Leslie Cook


In Random Thoughts on May 15, 2010 at 1:03 pm

Yesterday, one of my best friends, someone I’ve known for almost 40 years died.  Joi was like the sister I never had.  She was funny, smart, had a memory from hell, and was one of the kindest people I’ve ever known. Along with my friends Susan and Michelle, we’ve roamed the earth, spent hours on the phone talking about god knows what, and experienced most of life’s milestones together.  She died far too young at the age of 49, two weeks before her 50th birthday.

Losing Joi is hard.  Yesterday, I had a conference call with my two other compadres and we were remembering how Joi always know what to do.  And how we really need her now to help us with this loss.  So we keep asking “What would Joi do?”

Susan reminded us yesterday that this is just like Joi.  She was always fond of springing things on us.  In High School, she informed us that she was going to Prom the day before it happened.  She gave us all a call and told us she was engaged to be married, which was great, but we didn’t even know she was dating anyone :).  And now she goes before us into death without asking.

I have so many memories flooding back into my head of moments with my friends.  Ski trips, weddings, funerals, births, parties, moments at the movies.  A lifetime spent with friends.

When I heard of Joi’s death I remembered a poem I heard in a movie.  Did I mention that Joi loved movies?  The poem is about death, about the feelings of the loved ones left behind. It pretty much describes how I and my friends are feeling now.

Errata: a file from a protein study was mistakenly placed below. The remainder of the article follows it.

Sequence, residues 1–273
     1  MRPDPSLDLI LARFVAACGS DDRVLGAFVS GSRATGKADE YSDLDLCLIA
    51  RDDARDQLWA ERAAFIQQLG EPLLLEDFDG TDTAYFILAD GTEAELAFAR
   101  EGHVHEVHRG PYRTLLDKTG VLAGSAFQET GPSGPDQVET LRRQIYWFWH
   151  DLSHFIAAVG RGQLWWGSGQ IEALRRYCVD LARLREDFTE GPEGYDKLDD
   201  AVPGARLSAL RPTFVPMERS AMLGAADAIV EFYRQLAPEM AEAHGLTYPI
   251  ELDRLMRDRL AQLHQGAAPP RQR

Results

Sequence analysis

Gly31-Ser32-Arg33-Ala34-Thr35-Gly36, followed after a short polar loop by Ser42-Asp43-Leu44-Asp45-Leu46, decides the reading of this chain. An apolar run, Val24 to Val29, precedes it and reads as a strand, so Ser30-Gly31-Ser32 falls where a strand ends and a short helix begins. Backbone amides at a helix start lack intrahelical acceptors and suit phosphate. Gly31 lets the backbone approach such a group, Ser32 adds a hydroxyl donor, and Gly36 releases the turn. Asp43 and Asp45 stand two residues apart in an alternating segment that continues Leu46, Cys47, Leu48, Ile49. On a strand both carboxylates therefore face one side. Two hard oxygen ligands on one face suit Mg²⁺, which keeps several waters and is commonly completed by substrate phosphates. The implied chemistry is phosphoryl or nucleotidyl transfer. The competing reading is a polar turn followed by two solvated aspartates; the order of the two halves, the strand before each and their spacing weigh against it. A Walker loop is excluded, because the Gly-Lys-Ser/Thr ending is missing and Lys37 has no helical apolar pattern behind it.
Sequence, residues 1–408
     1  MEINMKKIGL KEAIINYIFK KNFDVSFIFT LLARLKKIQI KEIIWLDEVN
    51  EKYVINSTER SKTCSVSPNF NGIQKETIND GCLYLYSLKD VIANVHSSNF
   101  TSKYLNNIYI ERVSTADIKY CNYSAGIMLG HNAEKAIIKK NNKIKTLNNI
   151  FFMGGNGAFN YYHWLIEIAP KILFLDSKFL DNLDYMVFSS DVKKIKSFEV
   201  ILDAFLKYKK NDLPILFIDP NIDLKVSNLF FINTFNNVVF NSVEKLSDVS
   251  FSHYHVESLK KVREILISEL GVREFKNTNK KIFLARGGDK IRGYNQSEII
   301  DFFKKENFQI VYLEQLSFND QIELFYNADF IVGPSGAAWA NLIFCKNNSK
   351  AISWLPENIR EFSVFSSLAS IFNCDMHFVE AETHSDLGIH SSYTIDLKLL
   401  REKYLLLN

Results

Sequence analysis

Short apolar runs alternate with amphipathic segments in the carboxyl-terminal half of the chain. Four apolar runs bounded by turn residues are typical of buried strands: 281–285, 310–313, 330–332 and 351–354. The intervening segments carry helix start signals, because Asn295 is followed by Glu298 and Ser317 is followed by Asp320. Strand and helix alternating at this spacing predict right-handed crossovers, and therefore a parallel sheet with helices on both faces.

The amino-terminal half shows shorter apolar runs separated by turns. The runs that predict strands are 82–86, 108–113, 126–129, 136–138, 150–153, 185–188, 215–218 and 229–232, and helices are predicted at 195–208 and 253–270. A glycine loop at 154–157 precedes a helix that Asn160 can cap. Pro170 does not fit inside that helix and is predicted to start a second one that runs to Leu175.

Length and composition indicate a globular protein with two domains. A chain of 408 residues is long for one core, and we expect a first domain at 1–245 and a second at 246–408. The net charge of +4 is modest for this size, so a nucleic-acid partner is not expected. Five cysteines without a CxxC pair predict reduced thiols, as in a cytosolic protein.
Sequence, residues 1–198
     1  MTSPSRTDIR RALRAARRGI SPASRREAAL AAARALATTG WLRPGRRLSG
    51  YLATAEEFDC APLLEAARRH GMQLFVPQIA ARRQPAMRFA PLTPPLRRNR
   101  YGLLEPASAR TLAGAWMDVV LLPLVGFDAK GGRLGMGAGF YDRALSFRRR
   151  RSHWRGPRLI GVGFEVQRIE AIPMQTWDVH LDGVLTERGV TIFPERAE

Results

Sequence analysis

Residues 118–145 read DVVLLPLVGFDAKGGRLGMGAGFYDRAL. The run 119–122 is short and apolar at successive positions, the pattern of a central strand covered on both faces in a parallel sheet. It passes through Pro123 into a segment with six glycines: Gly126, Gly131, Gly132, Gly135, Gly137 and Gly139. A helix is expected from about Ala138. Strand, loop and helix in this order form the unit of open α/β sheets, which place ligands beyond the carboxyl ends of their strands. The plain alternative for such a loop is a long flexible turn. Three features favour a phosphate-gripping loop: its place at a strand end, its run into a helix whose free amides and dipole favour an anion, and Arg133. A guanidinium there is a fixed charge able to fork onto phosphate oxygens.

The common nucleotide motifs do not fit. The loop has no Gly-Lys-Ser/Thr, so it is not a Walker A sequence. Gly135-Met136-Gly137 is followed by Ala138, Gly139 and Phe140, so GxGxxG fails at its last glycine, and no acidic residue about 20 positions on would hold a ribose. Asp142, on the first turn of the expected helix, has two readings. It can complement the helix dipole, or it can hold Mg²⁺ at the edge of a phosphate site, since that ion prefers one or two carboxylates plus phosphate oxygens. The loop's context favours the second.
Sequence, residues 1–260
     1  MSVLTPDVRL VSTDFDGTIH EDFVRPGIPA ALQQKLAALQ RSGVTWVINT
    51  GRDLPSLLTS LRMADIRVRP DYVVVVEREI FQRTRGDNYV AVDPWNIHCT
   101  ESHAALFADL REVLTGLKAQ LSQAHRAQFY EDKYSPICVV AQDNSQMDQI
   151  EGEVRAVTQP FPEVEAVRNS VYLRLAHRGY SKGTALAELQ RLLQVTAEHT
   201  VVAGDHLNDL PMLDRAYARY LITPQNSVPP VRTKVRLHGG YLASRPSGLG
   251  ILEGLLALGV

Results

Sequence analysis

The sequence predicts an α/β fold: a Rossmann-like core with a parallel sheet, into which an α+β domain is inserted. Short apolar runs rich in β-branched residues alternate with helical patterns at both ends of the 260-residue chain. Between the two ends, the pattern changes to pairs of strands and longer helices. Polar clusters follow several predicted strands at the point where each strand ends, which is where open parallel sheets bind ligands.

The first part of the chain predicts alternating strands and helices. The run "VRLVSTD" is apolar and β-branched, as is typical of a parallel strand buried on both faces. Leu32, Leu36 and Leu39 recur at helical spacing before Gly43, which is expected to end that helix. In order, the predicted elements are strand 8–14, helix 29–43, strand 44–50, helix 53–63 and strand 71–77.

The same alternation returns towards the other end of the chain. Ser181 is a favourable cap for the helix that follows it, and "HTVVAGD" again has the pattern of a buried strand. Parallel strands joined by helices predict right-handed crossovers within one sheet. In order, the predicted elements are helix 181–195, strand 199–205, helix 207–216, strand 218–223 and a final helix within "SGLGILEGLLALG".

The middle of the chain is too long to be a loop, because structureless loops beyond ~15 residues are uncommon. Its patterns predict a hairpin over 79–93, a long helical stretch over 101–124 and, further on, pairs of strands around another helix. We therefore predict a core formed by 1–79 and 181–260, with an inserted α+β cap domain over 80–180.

Stop all the clocks, cut off the telephone,
Prevent the dog from barking with a juicy bone,
Silence the pianos and with muffled drum
Bring out the coffin, let the mourners come.

Let aeroplanes circle moaning overhead
Scribbling on the sky the message He is Dead,
Put crepe bows round the white necks of the public doves,
Let the traffic policemen wear black cotton gloves.

He was my North, my South, my East and West,
My working week and my Sunday rest,
My noon, my midnight, my talk, my song;
I thought that love would last forever; I was wrong.

The stars are not wanted now; put out every one:
Pack up the moon and dismantle the sun;
Pour away the ocean and sweep up the woods:
For nothing now can ever come to any good.

This was written for a lost spouse, but if feels right to describe a friendship too.  I know these feelings will eventually pass, but I’m positive the love and the memories that my good friend gave to me never will.  God will take good care of Joi, and the friends and family she left behind will always remember her and keep her memory alive.


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